MORE ABOUT SINGAPORE NOODLES

I’ve come a long way in my cooking of Singapore noodles. Changes are in the quantities. Also, I found really clean raw shrimp. It’s just 50 cents more for a pound of them. Not having to clean and devein the shrimp makes the whole process so much easier!

I like good food, especially Asian. There are two good Asian restaurants locally. One is straight Japanese, but it has gotten mid-town Boston expensive and we can rarely afford even a light dinner there. The other is less expensive and has a range of Asian dishes from Japan, China, Thailand and more. I’ve liked every kind of Asian cuisine I’ve ever tried, but lacking the means to go out for dinner, I’ve learned to cook.

You need to find rice noodles and fish sauce. I was able to find both at our little Hannaford market, so I expect if I can find it, probably so can you. Although the original recipe specified a particular style rice noodles, I couldn’t find those exact ones — not even in the Asian grocery. Instead, I bought Thai rice noodles and they do the job well.

This recipe takes quite a lot of time in the chopping and julienne cutting, but very little time to cook. You can also do all the cutting up one day and not make the meal until the next — and you can learn to cut vegetable while sitting down. That really helps!

Ingredients


1 pound raw shrimp — shelled, deveined, rinsed, and dried with a towel
Oil for cooking
3 tablespoons fish sauce (find it in the Asian cooking section of your grocery)
1 bundle dried rice stick noodles (6 to 8 ounces).
2 medium cloves garlic, minced or 2 tablespoon grated/chopped garlic
2 tablespoons full-flavor soy sauce
2 tablespoons Shaoxing wine or cooking sherry
1/2 teaspoon ground white pepper
1 teaspoon sugar
2 large eggs, beaten with two pinches of Kosher or other coarse salt
1/4 to 1/3 pound Chinese roast pork (char siu) or smoked ham, Julienne cut
1/2 small onion, very thinly sliced or chopped
1/2 medium red, orange, or yellow bell pepper, stemmed, seeded and julienned (I use all 3 using very small sweet peppers)
1/4 to 1/2 pound snow peas, Julienne cut (they sell them fresh in most grocery stores, even ours)
2 tablespoon curry powder NOTE: There are many kinds of curry powder. Some are very hot, but many are quite mild. The curry powder I have is mild, so I use extra curry and a half teaspoon of Chinese hot chili or hot peanut paste — to suit your taste
Bundle of scallions, washed and chopped
1 tablespoon sesame oil

DIRECTIONS

Everything but the shrimp (in fridge)

Pat raw shrimp dry with paper towels and place in a small bowl. Add 1 tablespoon cooking oil and 1 tablespoon fish sauce. Mix well and set aside in the refrigerator.

Prepare rice noodles according to directions on the package. Drain noodles in a colander, rinse with cold running water, then let them drain until dry.

Place garlic in a small bowl. Add soy sauce, wine, white pepper, sugar, and remaining fish sauce. Mix well and set sauce aside.

Heat oil in a skillet until very hot. Add eggs and let cook undisturbed for about 10 seconds, then gently move the eggs back and forth with a spatula until they start to firm up. Break the eggs into small pieces, then set aside in a bowl.

Using a wok or a large skillet, turn heat to high. (NOTE: I have a wok, but I prefer a big skillet with flat sides. I think it’s easier to turn the food as it cooks if you have flat sides to push against.)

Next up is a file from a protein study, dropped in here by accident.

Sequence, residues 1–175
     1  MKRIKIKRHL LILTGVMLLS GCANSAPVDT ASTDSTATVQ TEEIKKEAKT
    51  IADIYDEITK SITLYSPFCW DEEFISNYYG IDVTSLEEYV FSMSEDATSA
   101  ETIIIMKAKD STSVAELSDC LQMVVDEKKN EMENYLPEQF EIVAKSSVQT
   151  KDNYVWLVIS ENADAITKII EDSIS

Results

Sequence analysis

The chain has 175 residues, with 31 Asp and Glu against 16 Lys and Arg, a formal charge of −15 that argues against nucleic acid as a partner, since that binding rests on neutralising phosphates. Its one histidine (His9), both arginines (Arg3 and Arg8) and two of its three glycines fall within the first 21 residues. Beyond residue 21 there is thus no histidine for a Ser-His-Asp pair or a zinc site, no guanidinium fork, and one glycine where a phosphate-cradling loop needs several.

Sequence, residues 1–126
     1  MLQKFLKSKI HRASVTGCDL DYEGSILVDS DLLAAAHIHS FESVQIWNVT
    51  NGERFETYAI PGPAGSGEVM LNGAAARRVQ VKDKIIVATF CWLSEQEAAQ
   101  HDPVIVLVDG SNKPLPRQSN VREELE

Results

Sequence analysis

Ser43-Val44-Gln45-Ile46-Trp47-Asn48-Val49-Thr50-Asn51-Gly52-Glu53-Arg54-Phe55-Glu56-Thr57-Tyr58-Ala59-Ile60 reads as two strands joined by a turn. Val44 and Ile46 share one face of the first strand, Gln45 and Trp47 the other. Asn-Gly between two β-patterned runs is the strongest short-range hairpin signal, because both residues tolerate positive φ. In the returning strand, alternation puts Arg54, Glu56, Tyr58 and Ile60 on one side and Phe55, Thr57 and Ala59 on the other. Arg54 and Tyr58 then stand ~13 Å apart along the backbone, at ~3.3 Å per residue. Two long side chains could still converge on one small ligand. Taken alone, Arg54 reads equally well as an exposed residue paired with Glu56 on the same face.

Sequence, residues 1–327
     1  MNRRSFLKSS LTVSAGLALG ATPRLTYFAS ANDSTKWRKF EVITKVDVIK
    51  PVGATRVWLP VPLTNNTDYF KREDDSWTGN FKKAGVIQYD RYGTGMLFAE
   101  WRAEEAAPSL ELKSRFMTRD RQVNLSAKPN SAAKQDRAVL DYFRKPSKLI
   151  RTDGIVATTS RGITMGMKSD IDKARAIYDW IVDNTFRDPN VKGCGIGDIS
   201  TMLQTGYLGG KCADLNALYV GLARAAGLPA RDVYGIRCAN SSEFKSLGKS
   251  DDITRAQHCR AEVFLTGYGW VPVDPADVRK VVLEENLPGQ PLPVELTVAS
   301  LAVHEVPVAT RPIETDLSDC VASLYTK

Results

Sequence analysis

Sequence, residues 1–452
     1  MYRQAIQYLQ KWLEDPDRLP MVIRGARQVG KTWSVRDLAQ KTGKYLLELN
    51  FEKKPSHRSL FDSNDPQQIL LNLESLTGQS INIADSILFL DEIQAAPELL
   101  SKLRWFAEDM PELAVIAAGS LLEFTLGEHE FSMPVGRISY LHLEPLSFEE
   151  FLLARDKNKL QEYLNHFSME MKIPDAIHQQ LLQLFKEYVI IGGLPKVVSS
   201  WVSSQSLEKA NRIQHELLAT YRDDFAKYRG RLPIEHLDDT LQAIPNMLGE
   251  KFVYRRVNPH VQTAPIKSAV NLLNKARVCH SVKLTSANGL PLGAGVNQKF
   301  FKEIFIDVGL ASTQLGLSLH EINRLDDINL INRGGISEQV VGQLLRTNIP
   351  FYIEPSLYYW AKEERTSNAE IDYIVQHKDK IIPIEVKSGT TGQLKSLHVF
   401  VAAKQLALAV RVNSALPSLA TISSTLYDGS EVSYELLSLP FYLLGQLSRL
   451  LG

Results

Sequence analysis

Add shrimp; stir-fry for 1 minute. Add roast pork, scallions, and onion. Continue to stir-fry for another 30 seconds. Add bell pepper and snow peas. Stir for another 30 seconds. Add the curry powder, season with salt, and cook, tossing, until curry is evenly distributed. Scrape wok contents into bowl with cut up eggs.

Using a clean wok or skillet, heat remaining oil over high heat. Add the noodles and stir-fry for 30 seconds. Add the sauce and the second tablespoon of curry powder. Stir until the curry powder is more or less evenly distributed. Return egg, shrimp, roast pork, and vegetables to wok and stir-fry until everything is evenly combined and everything is hot. This takes just a minute or two. Season with salt and remove from heat. Drizzle with sesame oil, mix well, and transfer to a large serving bowl. Eat and enjoy!

Special equipment:
Wok or large nonstick skillet

SUMMING UP

From where exactly came this recipe? Probably not Singapore. Best guess? Cantonese Chinese restaurants in Hong Kong. It doesn’t matter where the recipe originated. It tastes great.

There are a lot of changes you can make to adapt the recipe. It can become vegetarian. You can add julienned carrots, use more and different vegetables, eliminate one or more that someone doesn’t like or to which someone is allergic. Obviously if you are making it vegetarian, you will need more vegetables.

How hot you want it depends on your family’s tolerance for hot food. We love hot food, but our stomachs do not always agree. The dish tastes pretty good even if it isn’t spicy. Be gentle with salt. The fish sauce is salty as is the soy sauce, so you may not need much.



Categories: Anecdote, Food, Recipes

Tags:

5 replies

  1. My eyes are watering in hunger from both the gorgeous photos and your narrative and recipe. And I’m so glad you’re able to do the slicing and dicing while sitting down! Wonderful post Marilyn.

    Like

  2. Mmmmmmmmm! Looks good enough to eat….

    Like

    • It really is very good. The hard part was finding frozen raw shrimp that was really clean because cleaning a pound of shrimp is messing and by the time I’m done, I’m too tired to eat. Nonetheless, this is a relatively easy meal to cook and it feeds four or five people — or three REALLY hungry adults. Or three moderately hungry adults and one lurking, begging, pleading, nearly starving (?) dog.

      Like

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